Not long ago, I was lurking on social media and - as always - a "political" argument started - but these arguments are never really political, are they? Anyway, somebody said, "That's stupid," to which somebody else said that to use the term "stupid" is ableist. So I guess nothing is stupid. Cool. Fine.
But... what if we were to define stupidity as any avoidable thing which inhibits one's ability to work with - and, therefore, gain skill and experience and knowedge of - the material world? And, what if we, in turn, understood the material world to be that which exists beyond one's symbolic constructs, including that specific construct known as language?
In that case, stupidity is not a matter of a person having a low I.Q. - it's not really primarily about a person at all. It's, if you like, about something happening to that person. Any avoidable obstacle for dealing with the material world would then be stupid - and all kinds of things can be obstacles.
Now, notice that I say, "avoidable" - a quadriplegic may have difficulty in certain activities, working with the physical world, but that doesn't make them stupid. And even if, for instance, a person who has a form of deafness that could be "cured" through a cochlear implant, we shouldn't assume that it's stupid for them not to get one - they may be attaining all kinds of experiences and skills that normally hearing people cannot, and so the trade-off might not be worth it.
Rather than stupid people, we would speak, perhaps, instead, for instance, of stupid ideas. And anyone, regardless of their I.Q., can have a stupid idea. So people are not inherently stupid. Yes, stupidity is, in a certain sense, about a person's ability, but to tell a person that they have a stupid idea is not to say that they are mentally incapable of understanding the truth, but just the opposite: that something that is happening - perhaps something they are doing - perhaps an idea they are asserting - is artificially preventing them from achieving their potential. In a strange way, it's almost a kind of compliment. It means: I believe in you. Cast off this useless husk of a concept, which is not adroit or limber enough to cover the current predicament, and which is only muffling your ability to feel the world's texture, and I am sure that you will confront reality more creatively and effectively.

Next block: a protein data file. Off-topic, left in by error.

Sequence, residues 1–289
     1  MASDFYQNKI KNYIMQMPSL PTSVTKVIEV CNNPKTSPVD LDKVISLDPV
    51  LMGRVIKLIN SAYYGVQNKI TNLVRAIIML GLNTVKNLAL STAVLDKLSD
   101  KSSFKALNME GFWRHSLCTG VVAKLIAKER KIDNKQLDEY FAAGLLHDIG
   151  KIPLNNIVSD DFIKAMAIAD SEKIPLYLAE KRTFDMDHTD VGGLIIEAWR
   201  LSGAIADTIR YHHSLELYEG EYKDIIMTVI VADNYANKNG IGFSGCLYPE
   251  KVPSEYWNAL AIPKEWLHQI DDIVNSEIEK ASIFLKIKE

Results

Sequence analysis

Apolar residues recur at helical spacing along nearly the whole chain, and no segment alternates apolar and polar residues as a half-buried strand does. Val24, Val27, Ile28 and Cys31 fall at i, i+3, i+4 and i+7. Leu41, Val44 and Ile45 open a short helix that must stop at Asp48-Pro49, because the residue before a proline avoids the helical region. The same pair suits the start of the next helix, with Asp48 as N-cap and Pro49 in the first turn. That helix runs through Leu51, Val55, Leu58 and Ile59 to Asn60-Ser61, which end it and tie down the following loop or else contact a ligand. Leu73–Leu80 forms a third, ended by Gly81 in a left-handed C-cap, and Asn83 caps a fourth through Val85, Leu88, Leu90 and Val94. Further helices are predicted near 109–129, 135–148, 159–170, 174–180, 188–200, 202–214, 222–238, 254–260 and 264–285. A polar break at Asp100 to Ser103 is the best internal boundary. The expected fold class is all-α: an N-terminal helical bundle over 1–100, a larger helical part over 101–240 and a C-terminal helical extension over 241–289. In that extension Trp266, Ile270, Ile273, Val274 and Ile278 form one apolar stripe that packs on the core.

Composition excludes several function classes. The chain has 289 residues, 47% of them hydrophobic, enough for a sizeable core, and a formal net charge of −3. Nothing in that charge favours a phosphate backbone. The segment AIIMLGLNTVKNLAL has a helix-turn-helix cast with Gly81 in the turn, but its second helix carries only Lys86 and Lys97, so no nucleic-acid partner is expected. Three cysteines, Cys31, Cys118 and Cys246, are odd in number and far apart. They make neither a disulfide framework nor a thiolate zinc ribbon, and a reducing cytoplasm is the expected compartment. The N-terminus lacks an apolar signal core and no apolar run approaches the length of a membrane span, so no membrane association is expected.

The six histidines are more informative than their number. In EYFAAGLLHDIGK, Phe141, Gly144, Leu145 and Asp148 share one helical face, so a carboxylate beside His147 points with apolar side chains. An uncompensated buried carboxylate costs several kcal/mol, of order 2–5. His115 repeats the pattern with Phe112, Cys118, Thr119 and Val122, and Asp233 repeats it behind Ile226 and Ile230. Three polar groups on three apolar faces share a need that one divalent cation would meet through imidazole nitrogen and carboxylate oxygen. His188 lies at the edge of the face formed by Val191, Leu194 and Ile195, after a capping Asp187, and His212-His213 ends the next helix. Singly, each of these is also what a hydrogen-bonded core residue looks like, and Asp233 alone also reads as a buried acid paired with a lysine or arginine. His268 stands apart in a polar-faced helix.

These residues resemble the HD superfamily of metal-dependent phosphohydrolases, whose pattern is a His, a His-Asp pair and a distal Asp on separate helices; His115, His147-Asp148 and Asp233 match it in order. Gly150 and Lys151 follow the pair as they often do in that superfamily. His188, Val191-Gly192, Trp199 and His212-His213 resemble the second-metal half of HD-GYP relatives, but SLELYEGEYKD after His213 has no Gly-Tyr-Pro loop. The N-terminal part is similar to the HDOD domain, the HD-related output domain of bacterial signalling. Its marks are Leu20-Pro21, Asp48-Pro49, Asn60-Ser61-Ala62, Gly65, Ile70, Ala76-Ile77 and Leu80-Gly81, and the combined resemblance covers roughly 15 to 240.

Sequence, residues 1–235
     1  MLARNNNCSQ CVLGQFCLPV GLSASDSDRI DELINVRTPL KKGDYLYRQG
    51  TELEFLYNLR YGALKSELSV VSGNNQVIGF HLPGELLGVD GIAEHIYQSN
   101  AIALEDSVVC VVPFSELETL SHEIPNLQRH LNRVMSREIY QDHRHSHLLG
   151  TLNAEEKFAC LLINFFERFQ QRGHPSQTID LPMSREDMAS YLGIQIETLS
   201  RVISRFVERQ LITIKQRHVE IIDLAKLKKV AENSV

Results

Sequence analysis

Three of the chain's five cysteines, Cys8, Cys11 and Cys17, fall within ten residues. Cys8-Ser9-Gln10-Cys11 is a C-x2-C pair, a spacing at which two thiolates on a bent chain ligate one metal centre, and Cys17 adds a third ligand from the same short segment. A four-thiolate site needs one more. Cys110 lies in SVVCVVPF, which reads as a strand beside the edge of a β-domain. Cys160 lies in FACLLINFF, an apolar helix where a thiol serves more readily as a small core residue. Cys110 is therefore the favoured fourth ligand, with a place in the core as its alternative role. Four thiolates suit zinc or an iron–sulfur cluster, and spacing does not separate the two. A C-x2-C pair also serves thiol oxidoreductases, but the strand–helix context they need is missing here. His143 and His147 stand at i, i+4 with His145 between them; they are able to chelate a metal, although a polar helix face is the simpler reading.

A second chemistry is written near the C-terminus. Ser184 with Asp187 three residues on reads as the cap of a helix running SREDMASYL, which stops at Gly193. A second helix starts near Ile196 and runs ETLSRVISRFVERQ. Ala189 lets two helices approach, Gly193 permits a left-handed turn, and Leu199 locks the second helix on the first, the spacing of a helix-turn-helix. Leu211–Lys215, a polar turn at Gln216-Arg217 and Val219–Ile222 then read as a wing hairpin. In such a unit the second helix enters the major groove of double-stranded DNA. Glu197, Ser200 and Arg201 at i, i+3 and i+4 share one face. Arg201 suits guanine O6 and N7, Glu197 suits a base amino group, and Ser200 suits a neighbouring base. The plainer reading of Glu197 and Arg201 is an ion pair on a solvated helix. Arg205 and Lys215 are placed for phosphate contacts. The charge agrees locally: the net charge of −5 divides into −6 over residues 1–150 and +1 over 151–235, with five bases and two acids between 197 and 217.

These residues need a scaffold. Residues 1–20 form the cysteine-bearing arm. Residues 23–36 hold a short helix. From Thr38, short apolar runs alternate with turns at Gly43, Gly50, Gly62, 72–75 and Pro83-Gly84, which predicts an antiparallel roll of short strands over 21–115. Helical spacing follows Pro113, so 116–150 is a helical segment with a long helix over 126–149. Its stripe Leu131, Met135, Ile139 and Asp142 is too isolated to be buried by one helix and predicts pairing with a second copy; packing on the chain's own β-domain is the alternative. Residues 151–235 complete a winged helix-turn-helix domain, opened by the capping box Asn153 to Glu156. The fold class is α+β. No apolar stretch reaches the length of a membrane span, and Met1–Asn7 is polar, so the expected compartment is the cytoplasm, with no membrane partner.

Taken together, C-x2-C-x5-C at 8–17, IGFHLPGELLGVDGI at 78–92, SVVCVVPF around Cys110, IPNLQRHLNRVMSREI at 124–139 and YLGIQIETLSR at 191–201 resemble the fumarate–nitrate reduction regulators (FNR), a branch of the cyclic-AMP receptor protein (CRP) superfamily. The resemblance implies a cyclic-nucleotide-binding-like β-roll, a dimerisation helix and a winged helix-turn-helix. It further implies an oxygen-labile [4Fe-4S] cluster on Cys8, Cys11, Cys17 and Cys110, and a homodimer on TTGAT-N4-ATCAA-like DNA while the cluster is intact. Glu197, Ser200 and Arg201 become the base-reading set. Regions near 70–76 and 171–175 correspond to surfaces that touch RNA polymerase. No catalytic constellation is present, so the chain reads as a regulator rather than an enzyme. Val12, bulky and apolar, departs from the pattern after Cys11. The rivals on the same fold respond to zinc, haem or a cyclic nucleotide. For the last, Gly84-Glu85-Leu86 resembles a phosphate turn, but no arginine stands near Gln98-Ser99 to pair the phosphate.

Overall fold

Moreover: any idea can be a stupid idea. Sometimes I think that maybe ideas are just clusters of concentrated stupidity. In which case the least stupid person would be the person with the fewest ideas. But... nahhh. Any idea can be a stupid idea, but every idea doesn't have to be a stupid idea. They only become stupid if we focus on them too dogmatically, in such a way that they prevent other ideas from getting in.